Hearing Health Blog

Musician protecting his hearing from hearing loss.

Do you turn the volume up when your favorite song comes on the radio? You aren’t on your own. There’s something intuitive about pumping up the jam. And it’s fun. But there’s one thing you should recognize: there can also be appreciable harm done.

In the past we weren’t familiar with the relationship between music and hearing loss. Volume is the biggest problem(this is based on how many times per day you listen and how extreme the volume is). And many musicians are rethinking how they approach managing the volume of their music.

Musicians And Hearing Loss

It’s a fairly well-known irony that, when he got older, classical composer Ludwig van Beethoven was hard of hearing. He was only able to hear his compositions internally. On one occasion he even had to be turned around so he could see the thunderous applause of his audience because he wasn’t able to hear it.

Beethoven might be the first and most well-known example of the deaf musician, but he surely isn’t the last. In more recent times quite a few musicians who are well known for playing at extremely loud volumes are coming forth with their stories of hearing loss.

From Eric Clapton to Neil Diamond to will.i.am, the stories all sound remarkably similar. Musicians spend a huge amount of time dealing with crowd noise and loud speakers. Noticeable damage including hearing loss and tinnitus will eventually be the result.

Even if You’re Not a Musician This Could Still be an Issue

You might think that because you’re not personally a rock star or a musician, this may not apply to you. You don’t have millions of cheering fans screaming at you (usually). And you’re not standing near a wall of amplifiers.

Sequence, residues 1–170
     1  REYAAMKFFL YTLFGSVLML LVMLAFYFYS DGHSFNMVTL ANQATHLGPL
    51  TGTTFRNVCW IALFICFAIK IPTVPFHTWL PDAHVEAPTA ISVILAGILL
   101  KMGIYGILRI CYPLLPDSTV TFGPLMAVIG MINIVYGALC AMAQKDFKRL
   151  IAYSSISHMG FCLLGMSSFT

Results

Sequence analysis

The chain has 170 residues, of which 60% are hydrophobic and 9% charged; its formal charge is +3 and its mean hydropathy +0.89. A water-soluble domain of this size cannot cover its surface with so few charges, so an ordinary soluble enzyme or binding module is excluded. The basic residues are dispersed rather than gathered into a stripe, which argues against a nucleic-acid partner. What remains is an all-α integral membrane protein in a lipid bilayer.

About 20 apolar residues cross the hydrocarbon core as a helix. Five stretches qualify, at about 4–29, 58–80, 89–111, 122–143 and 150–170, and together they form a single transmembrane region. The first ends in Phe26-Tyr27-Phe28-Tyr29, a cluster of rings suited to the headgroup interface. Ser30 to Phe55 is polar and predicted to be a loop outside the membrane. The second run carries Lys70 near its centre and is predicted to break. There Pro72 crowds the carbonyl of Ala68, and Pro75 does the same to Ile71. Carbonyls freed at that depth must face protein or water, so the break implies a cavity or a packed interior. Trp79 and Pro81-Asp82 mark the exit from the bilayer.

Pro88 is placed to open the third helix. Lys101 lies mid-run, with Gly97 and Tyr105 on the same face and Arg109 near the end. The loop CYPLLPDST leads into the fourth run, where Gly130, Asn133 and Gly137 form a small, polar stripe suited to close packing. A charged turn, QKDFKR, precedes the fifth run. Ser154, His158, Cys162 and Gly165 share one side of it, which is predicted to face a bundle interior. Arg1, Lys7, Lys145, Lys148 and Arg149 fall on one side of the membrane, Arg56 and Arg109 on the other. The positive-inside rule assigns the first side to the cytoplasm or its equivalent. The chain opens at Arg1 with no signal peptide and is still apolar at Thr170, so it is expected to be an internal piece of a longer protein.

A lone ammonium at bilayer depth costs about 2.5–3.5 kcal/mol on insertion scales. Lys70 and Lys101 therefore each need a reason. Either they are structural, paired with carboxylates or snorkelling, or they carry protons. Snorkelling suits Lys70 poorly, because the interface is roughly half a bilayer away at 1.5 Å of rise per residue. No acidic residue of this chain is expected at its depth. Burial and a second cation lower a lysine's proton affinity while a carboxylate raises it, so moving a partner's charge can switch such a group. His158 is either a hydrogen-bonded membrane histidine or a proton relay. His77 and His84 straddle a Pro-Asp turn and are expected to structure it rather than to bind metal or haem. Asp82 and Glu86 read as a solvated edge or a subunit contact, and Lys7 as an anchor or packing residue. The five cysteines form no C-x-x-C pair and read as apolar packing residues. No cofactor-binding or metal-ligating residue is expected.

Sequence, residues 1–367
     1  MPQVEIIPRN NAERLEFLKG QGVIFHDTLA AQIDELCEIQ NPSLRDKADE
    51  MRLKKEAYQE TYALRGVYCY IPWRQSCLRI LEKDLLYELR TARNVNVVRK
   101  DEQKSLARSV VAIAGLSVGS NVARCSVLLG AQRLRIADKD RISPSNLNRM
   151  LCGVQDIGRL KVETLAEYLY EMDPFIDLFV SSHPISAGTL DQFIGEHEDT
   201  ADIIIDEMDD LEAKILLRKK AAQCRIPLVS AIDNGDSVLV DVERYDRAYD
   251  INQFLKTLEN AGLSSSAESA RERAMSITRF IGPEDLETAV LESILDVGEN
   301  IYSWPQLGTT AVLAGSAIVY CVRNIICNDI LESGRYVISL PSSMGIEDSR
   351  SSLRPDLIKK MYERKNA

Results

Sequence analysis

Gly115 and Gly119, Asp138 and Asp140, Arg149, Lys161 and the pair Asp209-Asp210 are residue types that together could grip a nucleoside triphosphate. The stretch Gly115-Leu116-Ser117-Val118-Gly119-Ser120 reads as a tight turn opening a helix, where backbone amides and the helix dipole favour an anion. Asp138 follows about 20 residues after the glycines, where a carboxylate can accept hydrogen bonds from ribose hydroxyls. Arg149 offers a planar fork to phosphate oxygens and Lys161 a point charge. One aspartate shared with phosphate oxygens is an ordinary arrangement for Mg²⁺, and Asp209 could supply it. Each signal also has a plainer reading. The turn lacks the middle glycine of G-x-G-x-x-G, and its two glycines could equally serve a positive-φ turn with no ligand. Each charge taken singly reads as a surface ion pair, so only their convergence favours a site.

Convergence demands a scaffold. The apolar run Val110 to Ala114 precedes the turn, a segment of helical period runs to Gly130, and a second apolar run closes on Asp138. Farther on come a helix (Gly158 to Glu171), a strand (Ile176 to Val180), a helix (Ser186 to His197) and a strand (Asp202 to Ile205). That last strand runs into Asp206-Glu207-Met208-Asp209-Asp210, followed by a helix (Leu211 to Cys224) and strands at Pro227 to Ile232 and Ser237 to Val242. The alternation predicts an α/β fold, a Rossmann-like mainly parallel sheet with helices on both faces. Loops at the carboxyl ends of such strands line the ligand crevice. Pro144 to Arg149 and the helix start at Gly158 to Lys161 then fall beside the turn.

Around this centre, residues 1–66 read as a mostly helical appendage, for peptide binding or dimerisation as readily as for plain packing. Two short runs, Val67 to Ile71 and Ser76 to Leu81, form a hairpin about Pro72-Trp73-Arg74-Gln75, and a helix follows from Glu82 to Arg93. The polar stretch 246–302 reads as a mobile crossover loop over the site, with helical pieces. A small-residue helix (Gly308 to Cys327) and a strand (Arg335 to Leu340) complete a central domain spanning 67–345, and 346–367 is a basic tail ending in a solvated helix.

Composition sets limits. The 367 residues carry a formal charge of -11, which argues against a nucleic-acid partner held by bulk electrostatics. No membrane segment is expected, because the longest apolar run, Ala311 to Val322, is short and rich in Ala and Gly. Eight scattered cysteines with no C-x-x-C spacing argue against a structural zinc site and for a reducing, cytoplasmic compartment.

But you do have a couple of earbuds and your favorite playlist. And that can be a real problem. Thanks to the modern features of earbuds, pretty much everyone can enjoy life like a musician, inundated by sound and music that are way too loud.

The ease with which you can expose yourself to harmful and constant sounds make this once cliche grievance into a substantial cause for concern.

So When You’re Listening to Music, How Can You Protect Your Ears?

So, first we need to admit there’s a problem (that’s usually the first step, but it’s particularly true in this case). People are putting their hearing in jeopardy and have to be made aware of it (especially more impressionable, younger people). But you also should take some other steps too:

  • Download a volume-checking app: You are probably not aware of the actual volume of a live concert. Wherever you are, the volume of your environment can be assessed with one of many free apps that can be downloaded to your smartphone. As a result, when harmful levels are reached you will be aware of it.
  • Wear earplugs: Wear earplugs when you attend a concert or any other live music show. They won’t really lessen your experience. But your ears will be safeguarded from additional damage. (Incidentally, wearing ear protection is what most of your favorite musicians are currently doing to safeguard their hearing, so even the cool kids are doing it).
  • Manage your volume: If you exceed a safe volume your smartphone may alert you. You should listen to these warnings if you value your long-term hearing.

Limit Exposure

It’s pretty simple math: you will have more extreme hearing loss in the future the more often you put your hearing at risk. Eric Clapton, for example, has entirely lost his hearing. If he realized this would happen, he probably would have begun protecting his hearing sooner.

Reducing exposure, then, is the best way to reduce damage. For musicians (and for individuals who happen to work at music venues), that can be tricky. Part of the solution is hearing protection.

But we all would be a little better off if we just turned down the volume to reasonable levels.

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